Good Morning!

A couple weeks ago I had my 3 month fit test with my old trainer at the gym I used to work out at.  I was happy with my fit test but I told the trainer that I didn’t feel like I was progressing like I wanted to.  I’ve only been doing crossfit now for about 4 months and I know it takes time to build up strength, but I decided I would change-up my workout routine.

The trainer said she thought I was OVERTRAINING and I agreed with her!  I was doing crossfit 5-6 times per week without a whole lot of rest.  I love crossfit so I didn’t want to even miss one day and I felt like I would fall behind if I missed a class.  Now I know this is not how I should be working out.  I felt like I was building up my stamina for running etc, but the weight I could lift was not going up.  My should press has been about the same for 3 months so I was starting to get discouraged.  I know lifting weights and strength takes time so I will just continue to push on, including REST days into my regimen.

“Overtraining can best be described as the state when an athlete undergoes a very stressful training regimen that he or she simply cannot recover from any longer. This usually occurs when an athlete fails to listen to his or her body and take some much-needed rest. The athlete proceeds to train and make the condition even worse.”  BodyBuilding.com

My New Workout Plan will consist of the following:

  • 3-4 days crossfit- depending on the week
  • 1-2 days running- also depending on the week
  • I would also like to try hot yoga!
  • If I’m tired or feel lack of energy I am just going to take the day off!
  • I am going to drink LOTS of water and get plenty of PROTEIN
  • REST!- This means putting little to NO stress, pressure, anxiety, etc on your body, just rest!

Here are some other symptoms of overtraining- According to Muscleandstrength.com

  • You can’t seem to get any bigger (lack of weight or muscle gain)
  • You don’t have enough energy at the beginning of your workout
  • Your target muscles are still sore from the previous workout when you work them again.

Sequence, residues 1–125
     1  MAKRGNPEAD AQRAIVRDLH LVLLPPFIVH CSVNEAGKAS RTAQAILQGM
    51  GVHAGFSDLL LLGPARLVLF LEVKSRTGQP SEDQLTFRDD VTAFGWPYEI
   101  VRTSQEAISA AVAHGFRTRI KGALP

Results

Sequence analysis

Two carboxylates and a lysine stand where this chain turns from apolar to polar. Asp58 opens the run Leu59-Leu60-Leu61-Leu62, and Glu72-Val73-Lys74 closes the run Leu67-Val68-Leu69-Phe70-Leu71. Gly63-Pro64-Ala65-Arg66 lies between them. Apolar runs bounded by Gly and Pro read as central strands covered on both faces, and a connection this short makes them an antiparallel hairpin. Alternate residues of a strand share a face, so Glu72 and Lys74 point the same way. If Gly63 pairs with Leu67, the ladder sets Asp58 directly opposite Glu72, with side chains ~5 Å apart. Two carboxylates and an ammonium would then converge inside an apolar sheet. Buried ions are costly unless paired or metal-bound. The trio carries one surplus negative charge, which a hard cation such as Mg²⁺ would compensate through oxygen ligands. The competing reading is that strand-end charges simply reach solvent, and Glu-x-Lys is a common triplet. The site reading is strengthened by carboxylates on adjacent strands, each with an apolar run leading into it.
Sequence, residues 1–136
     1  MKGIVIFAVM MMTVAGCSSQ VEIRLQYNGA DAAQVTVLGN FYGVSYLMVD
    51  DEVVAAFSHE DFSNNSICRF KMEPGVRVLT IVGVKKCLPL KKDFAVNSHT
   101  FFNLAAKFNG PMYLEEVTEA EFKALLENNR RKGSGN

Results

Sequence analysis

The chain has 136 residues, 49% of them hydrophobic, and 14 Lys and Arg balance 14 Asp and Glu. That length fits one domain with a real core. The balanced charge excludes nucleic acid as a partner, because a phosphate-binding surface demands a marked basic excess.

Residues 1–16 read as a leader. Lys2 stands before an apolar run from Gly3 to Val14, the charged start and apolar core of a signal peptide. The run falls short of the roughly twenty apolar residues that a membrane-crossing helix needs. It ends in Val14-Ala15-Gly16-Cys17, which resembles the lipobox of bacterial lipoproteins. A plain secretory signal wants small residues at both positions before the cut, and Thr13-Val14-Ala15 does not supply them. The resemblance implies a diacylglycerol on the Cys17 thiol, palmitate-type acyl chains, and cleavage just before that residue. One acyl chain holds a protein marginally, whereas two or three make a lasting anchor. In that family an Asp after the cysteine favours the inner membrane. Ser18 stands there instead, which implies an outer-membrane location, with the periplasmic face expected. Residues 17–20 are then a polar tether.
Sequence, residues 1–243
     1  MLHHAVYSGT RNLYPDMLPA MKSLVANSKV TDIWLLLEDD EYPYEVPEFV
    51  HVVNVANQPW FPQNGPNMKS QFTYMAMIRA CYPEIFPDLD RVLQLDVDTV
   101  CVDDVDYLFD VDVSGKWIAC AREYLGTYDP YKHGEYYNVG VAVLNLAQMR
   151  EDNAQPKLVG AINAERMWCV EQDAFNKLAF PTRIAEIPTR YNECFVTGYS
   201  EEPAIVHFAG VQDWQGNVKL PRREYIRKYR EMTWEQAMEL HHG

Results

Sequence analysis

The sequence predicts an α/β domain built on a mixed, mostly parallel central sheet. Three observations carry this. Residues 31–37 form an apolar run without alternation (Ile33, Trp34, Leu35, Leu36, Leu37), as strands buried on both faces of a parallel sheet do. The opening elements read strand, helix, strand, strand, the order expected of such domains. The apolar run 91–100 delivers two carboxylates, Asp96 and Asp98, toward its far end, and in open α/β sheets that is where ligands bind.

• You find it hard to get to sleep and have a good nights rest
  • You have a general lack of energy throughout the day
  • And in extreme cases you may feel depression and anxiety

I fell into about 4-5 of these!  Working out too much can also take up some of your quality “free time”.  It is a big commitment to go to the gym 5 days a week!  Sometimes I just want to go get a manicure or lay around and watch a movie and we should be able to do this too 🙂

Like this:

lazy lily

Also, for me, more intense exercise = bigger appetite 🙂  Of course, because our bodies need more energy to sustain the work that we just did.   If I go lighter a couple of days, or just do a short run maybe I won’t feel the need to eat so much, hmmm??  Because I do LOVE eating!

Last but not least, you don’t want to get burnt out!  Life is all about balance. I talk about balancing what I eat, well balancing what kind of exercise I do is also important.  Working out should make you HAPPY, not add more stress.

On Sunday when I got back from vacation I went to the gym with my husband.  I felt like my arms had been neglected for a while so I switched up my workout and did a few arms, and abs exercises, then ran about 2.5 miles back home 🙂  This is what I did:

arms and abs 2

I learned about the side planks lifts at BLEND retreat and boy do they burn!  Try to keep the arm you are not resting on in the air!

If you like working your abs here is another challenge for you!

AB Burner

After writing this post I was reading some other blogs and found that Lindsay from Lindsay’s list wrote about the same thing last week. I like how she put some things into perspective so I would like to share them:

This is from Lindsay’s Blog and I can totally agree with this and I’m sure plenty of you can also.  She hit the nail right on the head. She states:

1) We connect EATING with EXERCISING – two things that should be kept separate (aside from fueling purposes).  We count the calories we burn while working out and connect that to our intake of food later in the day.  How many times have you rationalized eating a donut just because you ran that day?  What if you COULDN’T run anymore (or, as I’m trying to show in this post, you had to take a few rest days)?  Would your eating habits change?

2) We COMPARE and CONTRAST.  “I was going to take a rest day until I saw so-and-so’s post on Instagram.”  “She’s working out harder than me!”  “She doesn’t feel good but she’s “sweating out” a cold.  I should do that!”  <-This is a post for an entirely different day, but infuriates me nonetheless.  There is no such thing as “sweating out” an illness – bobbycosh!  You should be resting your CNS – trust me, you’ll heal much quicker through REST!

Thank you for this Lindsay!

Have a good Tuesday!

Do you ever fall into this trap of overtraining? If so, what have you done to correct it?

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